Winter is coming.
While that means it’s time to start considering your holiday plans and pulling your winter coat out of storage, it also means it’s time for preventative winter car maintenance. It’s better to discover issues with your car or your company cars now, rather than while on the road dealing with snow, ice, and cold temperatures.
Before you or an employee gets behind the wheel, here are some suggestions of things you can check in your car and company cars:
You’ve probably heard this a thousand times, but we’re going to say it again: it’s important to switch out your regular tires for winter tires. Even if you have all-season tires which can provide safe all-weather performance, winter tires offer up to 50 per cent or more traction than all-seasons, according to the Tire and Rubber Association of Canada.
In fact, as soon as temperatures drop below 7 degrees Celsius, there’s a difference in performance between winter tires and all-season tires. Installing winter tires on all-wheel positions will improve your surface grip in every type of road condition. There’s also the added bonus that installing winter tires will lower your auto insurance premium in some provinces, like Ontario.
On top of that, the air pressure in all four tires should be checked, as well as the air pressure in your spare tire. During the winter, the pressure in tires can drop significantly due to the cold air, so it’s a good idea to perform routine checks throughout the winter months.
Visibility while driving in the winter is vital, especially if a storm hits. That’s why wiper blades should be checked early in the season and replaced if they streak. Wiper blades should be changed at least twice a year and it’s worth considering getting special winter wiper blades to prevent snow and ice buildup.
Before driving in the winter, check your gas tank to make sure it’s full. Traffic or bad weather conditions may force you or an employee to pull over and idle for some time. Also check the engine oil if it hasn’t been changed in a while.
Other vehicle fluids you should be paying attention to are windshield washer fluid and engine coolants. Replace engine coolants after more than two years and fill your engine cooling system with a 50/50 mixture of antifreeze and distilled water to prevent freezing and boiling over. Refer to your car owner’s manual to find out which coolant is right for your vehicle.
The last thing you want is your battery to fail you while you’re out driving in the cold. Battery faults can cause breakdowns, especially when temperatures are cold which can take a particularly high toll on a battery’s life. To ensure your battery is still in good working order, you can have a service garage take a look.
The average battery life is generally three to five years. If you’ve had your battery for longer than that and you’re experiencing difficulties with starting your car, it may be time to consider getting a new battery. It is relatively easy to install a car battery on your own.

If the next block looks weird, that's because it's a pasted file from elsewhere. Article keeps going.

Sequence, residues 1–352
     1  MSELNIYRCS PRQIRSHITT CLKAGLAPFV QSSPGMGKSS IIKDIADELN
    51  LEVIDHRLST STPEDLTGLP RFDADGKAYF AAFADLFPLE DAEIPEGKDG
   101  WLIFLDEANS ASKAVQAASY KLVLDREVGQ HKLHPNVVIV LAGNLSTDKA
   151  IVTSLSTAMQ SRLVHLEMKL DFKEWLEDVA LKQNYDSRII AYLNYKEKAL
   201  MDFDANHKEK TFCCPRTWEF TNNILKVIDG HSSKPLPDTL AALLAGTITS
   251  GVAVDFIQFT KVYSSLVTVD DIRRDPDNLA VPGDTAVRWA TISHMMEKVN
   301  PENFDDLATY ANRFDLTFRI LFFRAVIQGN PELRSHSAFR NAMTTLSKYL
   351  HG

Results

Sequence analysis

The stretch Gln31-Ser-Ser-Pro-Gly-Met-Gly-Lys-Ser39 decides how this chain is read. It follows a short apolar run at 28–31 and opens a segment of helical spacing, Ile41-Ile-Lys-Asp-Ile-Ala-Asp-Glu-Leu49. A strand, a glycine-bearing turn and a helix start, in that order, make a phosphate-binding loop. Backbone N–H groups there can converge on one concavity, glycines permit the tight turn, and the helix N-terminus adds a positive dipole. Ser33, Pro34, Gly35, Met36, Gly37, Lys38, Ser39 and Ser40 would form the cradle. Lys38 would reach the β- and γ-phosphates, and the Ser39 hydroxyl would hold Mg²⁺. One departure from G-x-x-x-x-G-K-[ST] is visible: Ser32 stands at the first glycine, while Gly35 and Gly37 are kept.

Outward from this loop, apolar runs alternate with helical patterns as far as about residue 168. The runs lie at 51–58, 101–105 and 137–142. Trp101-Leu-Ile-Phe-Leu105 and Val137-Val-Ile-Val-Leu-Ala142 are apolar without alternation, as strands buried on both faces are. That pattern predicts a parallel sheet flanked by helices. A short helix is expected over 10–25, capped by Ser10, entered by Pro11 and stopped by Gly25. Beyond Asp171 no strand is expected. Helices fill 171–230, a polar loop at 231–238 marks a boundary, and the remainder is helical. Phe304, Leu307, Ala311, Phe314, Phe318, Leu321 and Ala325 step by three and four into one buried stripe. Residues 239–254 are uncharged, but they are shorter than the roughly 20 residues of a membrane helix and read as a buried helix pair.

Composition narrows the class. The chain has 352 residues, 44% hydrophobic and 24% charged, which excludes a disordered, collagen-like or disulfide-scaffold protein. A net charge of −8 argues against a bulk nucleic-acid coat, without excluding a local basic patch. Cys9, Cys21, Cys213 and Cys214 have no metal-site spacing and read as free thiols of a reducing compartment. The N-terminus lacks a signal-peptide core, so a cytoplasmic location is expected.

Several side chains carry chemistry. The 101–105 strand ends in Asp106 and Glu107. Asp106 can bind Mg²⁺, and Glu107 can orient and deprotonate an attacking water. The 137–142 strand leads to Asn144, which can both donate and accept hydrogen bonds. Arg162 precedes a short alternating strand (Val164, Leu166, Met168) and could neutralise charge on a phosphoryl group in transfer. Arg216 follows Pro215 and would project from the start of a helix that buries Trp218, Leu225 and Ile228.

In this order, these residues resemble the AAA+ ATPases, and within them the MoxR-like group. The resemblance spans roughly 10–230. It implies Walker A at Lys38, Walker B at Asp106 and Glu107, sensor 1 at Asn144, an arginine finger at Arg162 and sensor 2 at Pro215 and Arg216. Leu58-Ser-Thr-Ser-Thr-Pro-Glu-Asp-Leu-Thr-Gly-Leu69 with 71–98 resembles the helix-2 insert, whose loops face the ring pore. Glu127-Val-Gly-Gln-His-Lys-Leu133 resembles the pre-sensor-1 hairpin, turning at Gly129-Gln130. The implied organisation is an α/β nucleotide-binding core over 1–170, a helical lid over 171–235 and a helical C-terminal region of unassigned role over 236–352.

Air conditioning system
Believe it or not, it’s important to ensure your air conditioning system is in good condition before the winter. Why, you may ask? It’s your air conditioning system that defrosts and humidifies the inside of your car. So, if you turn your heat on in the winter and your air conditioning isn’t working properly, it won’t be able to defrost your windows and pull the moisture out of the inside of the car, which will leave a musty odor. When having your air conditioning system checked, it’s a good idea to have your block heater looked at too.
Finding out your brakes don’t work at an inopportune moment is the last thing anyone wants to experience, especially when it’s cold and there may be ice on the road. To ensure that doesn’t happen, have your brakes checked or serviced to ensure even braking. Pulling, change in pedal feel, or unusual squealing or grinding could mean they need to be repaired. If you notice any of these things, have your brakes checked!
Since there’s less daylight during the winter, especially during people’s commutes, suitable lighting on your car is even more important. Be sure to fix any bulbs that are out and consider replacing any headlights that are foggy or yellow. Before driving, make sure you clear away any snow covering exterior lights on your car.
Even with all of these precautions, something may still go wrong once you or your employees are out on the road. To ensure you’re prepared for that situation, an emergency roadside kit is vital. It can include things like a shovel, a small tool kit, booster cables, blankets, and matches. Commercial auto insurance is also key, so you’re secure in the knowledge that you’re covered. Learn more about commercial auto insurance today!
This blog is provided for information only and is not a substitute for professional advice. We make no representations or warranties regarding the accuracy or completeness of the information and will not be responsible for any loss arising out of reliance on the information. Terms, conditions and exclusions apply to coverage. See policy for details.